Children’s birthday parties are a wonderful (if slightly loud!) thing. Fun, laughter, party food (who can resist a chicken nugget or Wotsit!) however for the parent of a child with food allergies they can make for a particularly worrisome and anxious time.
Read on to find out my 6 top tips to manage your child’s food allergies at a birthday party, to ensure they have a great time whilst remaining safe!
I remember when my daughter received her first party invitation from a friend at nursery, I had such mixed emotions. I was delighted for her as she was so excited to go to her first party! Then the realisation hit me, up until then we were able to quite easily control what she could eat safely, however this was going to be taken out of my control.
Since then my daughter has attended numerous parties, I didn’t want her to have to avoid them and let her allergies stop her from enjoying all the same experiences as her friends, so I found ways to make it as safe as possible.
Here are my top 6 tips to manage your child’s food allergies at a birthday party.
1. Speak to the host before the party
As soon as you receive the invitation get in touch with the parent/host of the party. Say that your child would love to attend and then explain their allergies. You can ask what the plan for the party is and what food will be served.
If the party is being held at a venue where they provide the food, you may be able to look up the food choices and allergen information on the companies website and then ask the host of the party if it would be possible to select an allergy safe option for your child.
If the host is providing the food themselves, you can discuss your child’s allergies to see if there will be any allergy safe options in the food they are providing.
Most children’s parties will be nut free, however if your child has a life threatening allergy or is at risk of cross contamination to nuts or another food/allergen, voice your concerns to the host and ask about any potential risks.
All of parents I have approached in the past have been so accommodating. They have really gone out of their way to ensure that my little girl had something safe to eat whilst at the party.
2. Bring your own food
If your child has a severe life threatening allergy, if there isn’t anything suitable at the party for your child to eat or allowing your child to eat food that hasn’t been prepared by you leads to anxiety, you may choose to bring your own food.
I have done this on a number of occasions. Speak to the host to find out what food will be served at the party and try to replicate something similar for your child to eat that will be safe for them.
When my little girl was little, she was only allowed Jam on special occasions due to the sugar, so she was always over the moon with her allergy safe jam sandwiches that I used to take for her at birthday parties!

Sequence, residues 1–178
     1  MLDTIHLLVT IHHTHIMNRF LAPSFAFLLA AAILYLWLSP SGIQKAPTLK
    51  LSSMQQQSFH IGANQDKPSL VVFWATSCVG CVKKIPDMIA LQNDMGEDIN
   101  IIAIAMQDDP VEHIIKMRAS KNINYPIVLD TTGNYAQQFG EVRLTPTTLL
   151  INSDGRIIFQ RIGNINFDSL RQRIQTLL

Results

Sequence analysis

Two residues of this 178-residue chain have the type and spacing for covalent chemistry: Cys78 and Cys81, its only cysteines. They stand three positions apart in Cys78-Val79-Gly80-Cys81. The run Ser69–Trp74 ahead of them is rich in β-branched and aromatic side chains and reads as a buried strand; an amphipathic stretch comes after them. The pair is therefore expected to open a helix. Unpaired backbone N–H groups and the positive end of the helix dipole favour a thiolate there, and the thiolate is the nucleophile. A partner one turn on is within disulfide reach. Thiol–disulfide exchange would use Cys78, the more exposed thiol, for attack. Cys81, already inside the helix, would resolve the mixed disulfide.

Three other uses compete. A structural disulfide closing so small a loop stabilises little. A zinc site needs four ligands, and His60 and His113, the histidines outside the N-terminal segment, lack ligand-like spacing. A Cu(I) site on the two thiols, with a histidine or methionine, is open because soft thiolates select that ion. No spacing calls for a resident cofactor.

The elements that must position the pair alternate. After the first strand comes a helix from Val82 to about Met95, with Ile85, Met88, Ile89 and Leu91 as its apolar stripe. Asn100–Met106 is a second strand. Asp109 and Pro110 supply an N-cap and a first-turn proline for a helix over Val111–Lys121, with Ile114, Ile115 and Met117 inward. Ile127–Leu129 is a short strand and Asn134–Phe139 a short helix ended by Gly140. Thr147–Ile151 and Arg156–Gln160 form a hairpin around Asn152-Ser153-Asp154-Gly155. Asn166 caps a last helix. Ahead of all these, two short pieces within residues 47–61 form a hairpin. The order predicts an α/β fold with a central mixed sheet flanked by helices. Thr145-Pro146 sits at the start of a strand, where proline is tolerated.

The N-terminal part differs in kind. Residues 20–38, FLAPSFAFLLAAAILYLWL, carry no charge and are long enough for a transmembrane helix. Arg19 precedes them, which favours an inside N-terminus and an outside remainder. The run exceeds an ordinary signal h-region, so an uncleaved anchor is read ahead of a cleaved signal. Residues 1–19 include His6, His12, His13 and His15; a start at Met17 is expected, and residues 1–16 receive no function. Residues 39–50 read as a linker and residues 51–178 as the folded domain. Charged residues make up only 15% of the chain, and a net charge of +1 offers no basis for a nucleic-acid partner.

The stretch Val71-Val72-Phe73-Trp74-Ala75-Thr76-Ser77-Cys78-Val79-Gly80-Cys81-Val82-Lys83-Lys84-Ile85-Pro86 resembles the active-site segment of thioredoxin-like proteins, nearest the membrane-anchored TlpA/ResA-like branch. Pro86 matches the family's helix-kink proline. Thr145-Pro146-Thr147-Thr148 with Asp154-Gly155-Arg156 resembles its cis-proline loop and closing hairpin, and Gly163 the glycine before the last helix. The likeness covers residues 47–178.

The main event at a party! Dependent on your child’s allergy your child may or may not be able to have the birthday cake.
If your child only has a nut allergy you could speak to the host in advance and find out if they are making the cake themselves or if it it shop bought. You will then be able to make a decision as to whether it will be safe to eat.
Having a dairy or egg allergy pretty much wipes out being able to have “normal cake”. In this instance I would advise bringing your own shop bought safe cupcakes or making your own.
There was one party my daughter went to and the host’s Mother in Law made my little girl her own dairy/egg/nut free victoria sponge full sized cake complete with “Frozen” decorations like the main cake. The gesture was so kind and thoughtful!
4. Teach your child to decline any alternative food offered to them without checking it is safe
My daughter was aware from a very young age what she could and couldn’t eat. Although not wanting them to feel different, it is important that they are aware of their food allergies, especially the older they get.
If they are offered food at a party that isn’t provided by you, teach your child to ask the adult offering it whether the food is safe for them. Also make it clear to your child that they are not to accept food offered to them by another child.
5. Offer to stay at the party
When children are young, most parents stay at parties with their children anyway, so you will be able to be around and keep an eye on your child whilst they are eating. I am always that helicopter parent hovering right by my child at the food tables!
Around the age of 7, some parties become “drop off”, this is where it can be a bit more nerve racking.
You can offer the host to stay at the party and help out. That way, you can be around to keep an eye on your child and I’m sure the host would be most welcome for an extra pair of hands!
If you are going to leave your child, ensure they only eat what you have given them if you are providing the food or that they are aware what safe food they will be served.
Re-confirm with the host that only the agreed safe meal will be served to your child and nothing else.
Also leave a contact number for yourself.
Leave any medication (anti-histamines/Epi-Pens) with the host and ensure they know when/how to use them in case of an emergency.
We use a Cath Kidston zip bag like this one to keep everything in. It makes things much easier and I just carry it around in my handbag wherever we go.
If you have an allergy action plan for a school or nursery setting you can pop a copy of this in too.
I always reassure the host that I am leaving these just as a precaution and that luckily we have never had to use them, but that it is important just in case.
Hopefully these tips will go some way in helping you to relax and for your little one to enjoy birthday parties.
If you have any other tips, I’d love to hear them in the comments below!